Starting your own business is a steep learning curve and you’ll have to get your head around a lot of new information. Working out your finances is probably the hardest part because there are a lot of differences between business and personal money management. Your tax affairs, in particular, are a lot more complicated when you’re running your own company. It’s important that you know what you’re doing because if you make any mistakes, you could end up in some serious legal trouble. Most new business owners find themselves in the same position and the end up making one of these common mistakes.
Not Reporting Information Accurately
When you’re reporting your finances, any inconsistencies are going to raise a red flag and you’re likely to be audited. Information will automatically be matched up with tax returns so you have to make sure that everything matches up. For example, if you’ve received payment from a client and they’ve listed it in a certain month, you need to use the same date even if you didn’t actually receive the cash until a bit later on.
You’ve also got to be careful making estimates for certain figures. If you don’t have all of the information to hand, you have to get hold of it rather than just putting down a rough guess. You’ll be asked to provide the accurate information at some point so it’s easier for you to do it right the first time around.
It should go without saying that you shouldn’t try to lie on your tax forms either. People often think that they can get away with it if they only make small changes that aren’t likely to be noticed. You might be lucky and get away with it, but more often than not they’ll get spotted. If you’re found deliberately lying on tax forms, you’ll end up in some serious trouble.
Failing To Keep Records
You’re never going to be able to report information accurately if you don’t keep good records of all of your income and expenses. You’ll need receipts for all of your purchases if you plan to list them as expenses. It’s vital that you’ve got proper records because if you do get audited, you’ll need to provide proof that everything on your tax forms is correct. It’s better to be overly cautious here and keep records of every tiny thing, even if it doesn’t seem that important right now.
Not Claiming Refunds
It’s fairly common for people to overpay on their taxes so you’re probably eligible for a refund. If you aren’t claiming it, you’re just putting money down the drain for no good reason. One of the most common reasons that people don’t claim their refund is that they don’t know how to calculate it and request that money back. That’s why there are companies that specialize in tax refund products who can help you through the process. Head over to the sbtpg enrollment to find out how you can sign up. That extra chunk of money that you’ll get from a tax refund can be a huge help to your business, especially in the early stages when cash flow is a big problem. If you don’t claim it, you’re just making things a lot harder for yourself.
Not Knowing The Difference Between Avoidance And Evasion
People often think that these 2 terms mean the same thing, but they really don’t. Tax evasion means not paying the taxes that you’re legally obliged to pay. In other words, it’s illegal and you should absolutely not do it. But it’s perfectly ok to avoid certain taxes by using perfectly legal means. By moving your money around and putting it into things like property, you can reduce your tax bill by quite a bit. Don’t get the two mixed up and end up engaging in illegal activity.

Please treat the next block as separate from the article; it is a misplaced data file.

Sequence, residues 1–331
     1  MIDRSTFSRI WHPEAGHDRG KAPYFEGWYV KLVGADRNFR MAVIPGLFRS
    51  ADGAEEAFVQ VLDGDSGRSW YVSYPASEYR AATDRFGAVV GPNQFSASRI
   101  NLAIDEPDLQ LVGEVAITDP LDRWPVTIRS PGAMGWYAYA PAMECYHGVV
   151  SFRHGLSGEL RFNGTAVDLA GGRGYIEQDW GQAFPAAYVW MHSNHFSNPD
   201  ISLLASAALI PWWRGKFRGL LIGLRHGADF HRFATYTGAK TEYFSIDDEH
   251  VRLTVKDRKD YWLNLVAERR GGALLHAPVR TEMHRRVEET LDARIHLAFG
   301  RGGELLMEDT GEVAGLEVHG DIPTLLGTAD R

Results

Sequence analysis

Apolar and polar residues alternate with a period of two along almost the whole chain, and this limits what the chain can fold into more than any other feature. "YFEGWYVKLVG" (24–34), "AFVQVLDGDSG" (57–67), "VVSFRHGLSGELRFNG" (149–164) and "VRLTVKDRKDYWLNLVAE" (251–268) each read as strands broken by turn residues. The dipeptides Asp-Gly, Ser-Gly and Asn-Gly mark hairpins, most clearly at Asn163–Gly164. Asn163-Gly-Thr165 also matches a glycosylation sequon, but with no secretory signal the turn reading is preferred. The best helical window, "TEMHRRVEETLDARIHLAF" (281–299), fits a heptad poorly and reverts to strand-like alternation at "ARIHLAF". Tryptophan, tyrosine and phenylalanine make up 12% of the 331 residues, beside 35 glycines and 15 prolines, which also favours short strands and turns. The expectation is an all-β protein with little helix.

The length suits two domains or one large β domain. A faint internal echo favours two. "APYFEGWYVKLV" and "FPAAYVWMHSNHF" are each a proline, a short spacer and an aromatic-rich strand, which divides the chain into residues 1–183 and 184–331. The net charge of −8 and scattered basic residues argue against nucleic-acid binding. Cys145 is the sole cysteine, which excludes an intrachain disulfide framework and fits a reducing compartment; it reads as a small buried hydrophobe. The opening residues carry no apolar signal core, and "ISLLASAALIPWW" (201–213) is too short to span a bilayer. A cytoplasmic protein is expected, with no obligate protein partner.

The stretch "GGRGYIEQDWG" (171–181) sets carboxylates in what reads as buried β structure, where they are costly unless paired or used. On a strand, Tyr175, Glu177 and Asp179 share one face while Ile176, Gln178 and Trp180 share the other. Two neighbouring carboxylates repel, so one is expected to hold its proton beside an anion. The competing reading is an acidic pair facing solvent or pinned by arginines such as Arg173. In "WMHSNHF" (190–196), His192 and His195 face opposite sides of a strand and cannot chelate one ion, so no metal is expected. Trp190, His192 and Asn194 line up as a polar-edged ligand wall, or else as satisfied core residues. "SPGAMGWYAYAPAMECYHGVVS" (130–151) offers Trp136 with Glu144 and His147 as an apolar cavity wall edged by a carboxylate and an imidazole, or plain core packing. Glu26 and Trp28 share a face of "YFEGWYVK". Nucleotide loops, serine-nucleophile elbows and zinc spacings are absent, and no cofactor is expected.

If you’re hiring independent contractors and freelancers to do work for your company, your tax affairs can get a little tricky. Things get a lot more difficult if you aren’t classifying them properly. The IRS has strict guidelines for classifying employees which you need to understand fully and stick to at all times. Often, it comes down to the level of control that the company has over that person. If you’re setting their hours and giving them strict instructions on how and when to work, they’re probably an employee of the company and not an independent contractor. If you make any mistakes when you’re classifying your employees, you could end up getting payroll penalties if you’re audited.
Going Overboard With Deductibles
A lot of your business expenses are tax deductible but people often make the mistake of going overboard. You might think of it as being flexible but the IRS will think of it as tax fraud. When you’re listing your expenses, you’ve got to think about where the line is. Things like entertainment costs and meals can be put on there, but only if they’re business related. Don’t start collecting receipts every time you eat out and try to claim them on your tax forms. You also need to remember that there are deduction limits for certain things ($5000 for entertainment) and if you go over, you’ll end up getting audited. Anything that seems excessive is going to invite investigation so it’s better to be cautious and limit your deductibles.
Filing Forms Late
Most people don’t think they’re going to make this mistake because even if you’ve made a load of mistakes, you’ll at least get the date right and file the forms on time. But you’d be surprised how many people manage to get forms in late. The main reason is that they underestimate just how long it’s going to take to get all of the information together. If you want to avoid getting any late fees, always start early and leave yourself plenty of time to sort it all out.
If you make any one of these mistakes, you’ll end up getting hit with a big fine or, in the worst cases you could even end up in prison.